As well, flying in the face of what teachers had taught me, I began to bring the engagement of uddhiyana bandhu up to my navel during my practice, and not simply below it as I'd been told to do, so that the DR could be repaired during and throughout my whole practice, too, and so that I would not worsen it! I did this intuitively, again, no one talked about DR back then. This adaptation of UB really helped accelerate the healing, and the seam was almost completely repaired after about 18 months of daily practice with stronger, longer UB, and daily UK.
About a year after I'd healed, with the seam almost fully repaired (around year six of my practice life) I'd began working on second series, and was attending a second series workshop with a senior teacher. During the led class, the assistant teacher lifted me off the floor* when I was in dhanurasana. It shocked me to be lifted off the floor by my ankles, and I lost my breath for a moment....and I felt my DS split again at the navel, although I wasn't quite sure what happened. I just knew it felt weird, like tearing.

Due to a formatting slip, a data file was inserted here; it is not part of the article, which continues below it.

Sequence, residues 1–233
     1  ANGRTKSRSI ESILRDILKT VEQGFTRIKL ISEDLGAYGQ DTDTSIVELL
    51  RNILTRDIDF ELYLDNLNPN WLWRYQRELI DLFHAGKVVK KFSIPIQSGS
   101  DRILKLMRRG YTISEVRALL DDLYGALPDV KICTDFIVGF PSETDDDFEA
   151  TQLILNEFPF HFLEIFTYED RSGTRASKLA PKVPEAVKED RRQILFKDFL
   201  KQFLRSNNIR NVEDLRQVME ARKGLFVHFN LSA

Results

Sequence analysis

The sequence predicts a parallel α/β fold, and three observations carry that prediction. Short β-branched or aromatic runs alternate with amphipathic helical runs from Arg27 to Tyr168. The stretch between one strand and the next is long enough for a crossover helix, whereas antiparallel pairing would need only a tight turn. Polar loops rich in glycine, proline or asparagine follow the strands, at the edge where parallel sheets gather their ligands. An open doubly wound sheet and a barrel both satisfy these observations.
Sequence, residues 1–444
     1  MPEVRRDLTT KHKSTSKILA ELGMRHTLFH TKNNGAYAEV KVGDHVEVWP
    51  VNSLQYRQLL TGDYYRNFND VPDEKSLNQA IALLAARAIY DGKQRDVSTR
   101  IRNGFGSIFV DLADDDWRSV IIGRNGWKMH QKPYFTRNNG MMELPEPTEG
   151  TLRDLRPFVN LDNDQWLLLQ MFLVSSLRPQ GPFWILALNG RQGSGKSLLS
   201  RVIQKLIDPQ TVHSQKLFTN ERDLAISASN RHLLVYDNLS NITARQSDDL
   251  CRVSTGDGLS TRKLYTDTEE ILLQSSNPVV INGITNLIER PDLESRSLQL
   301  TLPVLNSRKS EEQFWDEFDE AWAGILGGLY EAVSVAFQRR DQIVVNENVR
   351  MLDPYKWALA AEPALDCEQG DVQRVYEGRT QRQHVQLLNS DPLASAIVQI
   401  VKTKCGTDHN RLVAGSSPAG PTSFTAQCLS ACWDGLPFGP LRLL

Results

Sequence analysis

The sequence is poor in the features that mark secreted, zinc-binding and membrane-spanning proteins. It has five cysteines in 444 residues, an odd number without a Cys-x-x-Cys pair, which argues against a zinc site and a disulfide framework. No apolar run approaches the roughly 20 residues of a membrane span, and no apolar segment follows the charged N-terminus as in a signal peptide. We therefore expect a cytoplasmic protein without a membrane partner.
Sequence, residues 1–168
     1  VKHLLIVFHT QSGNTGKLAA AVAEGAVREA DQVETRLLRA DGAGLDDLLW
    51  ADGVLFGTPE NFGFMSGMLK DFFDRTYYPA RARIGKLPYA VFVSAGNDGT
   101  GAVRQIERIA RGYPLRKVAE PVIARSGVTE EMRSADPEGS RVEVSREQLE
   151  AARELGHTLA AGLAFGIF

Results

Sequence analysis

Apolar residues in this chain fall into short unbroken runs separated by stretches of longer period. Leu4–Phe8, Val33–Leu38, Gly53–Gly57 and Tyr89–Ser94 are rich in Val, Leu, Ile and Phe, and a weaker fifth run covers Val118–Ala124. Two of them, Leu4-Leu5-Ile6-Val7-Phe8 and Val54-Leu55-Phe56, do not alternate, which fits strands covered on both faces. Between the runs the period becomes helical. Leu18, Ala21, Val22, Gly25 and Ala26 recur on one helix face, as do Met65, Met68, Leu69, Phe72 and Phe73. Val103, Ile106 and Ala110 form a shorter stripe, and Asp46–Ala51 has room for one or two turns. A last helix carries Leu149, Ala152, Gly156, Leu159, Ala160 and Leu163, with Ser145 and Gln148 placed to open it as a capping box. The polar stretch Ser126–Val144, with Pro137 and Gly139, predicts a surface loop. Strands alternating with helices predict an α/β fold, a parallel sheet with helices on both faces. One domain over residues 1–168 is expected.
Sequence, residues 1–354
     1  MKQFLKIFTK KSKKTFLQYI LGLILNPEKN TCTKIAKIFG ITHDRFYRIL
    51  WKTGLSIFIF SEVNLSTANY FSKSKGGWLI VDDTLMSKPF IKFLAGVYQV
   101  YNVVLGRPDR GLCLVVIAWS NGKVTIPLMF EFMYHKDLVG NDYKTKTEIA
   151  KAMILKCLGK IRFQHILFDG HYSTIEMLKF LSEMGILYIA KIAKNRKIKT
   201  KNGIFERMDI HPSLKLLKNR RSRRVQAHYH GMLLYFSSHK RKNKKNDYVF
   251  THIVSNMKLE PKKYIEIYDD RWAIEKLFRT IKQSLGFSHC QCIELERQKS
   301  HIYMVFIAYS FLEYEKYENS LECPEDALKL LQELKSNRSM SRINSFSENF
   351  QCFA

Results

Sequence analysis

I developed an umbilical hernia less than a week later, about 1/2" long. Instead of getting surgery, I decided to climb the mountain of repairing *this* tear with taping, bodywork, oiling of the area to prevent scar tissue, and lots more daily work with UB and UK. It took me about 18 months to repair the hernia.
This was about a decade or so ago, and it is fine now, or as fine as it will ever be. I no longer have a hernia and the DR is negligible, mostly a shallow area around my navel about an inch in diameter, that indicates a thinner abdominal wall. I still do UB up to my navel area to maintain its integrity, and I do UK a few times a week, but for strictly cleansing nowadays.
Still, I am very careful in all my backbends; I don't push it, no grabbing ankles for me in this lifetime (not that I had any desire to do so) and sometimes I've strapped a yoga belt around myself at the navel to ensure that there is no further damage when I do deeper backbends like kapotasana. I also notice things shift around my core/abdominal strength depending upon where I am in my cycle, and adjust my practice accordingly.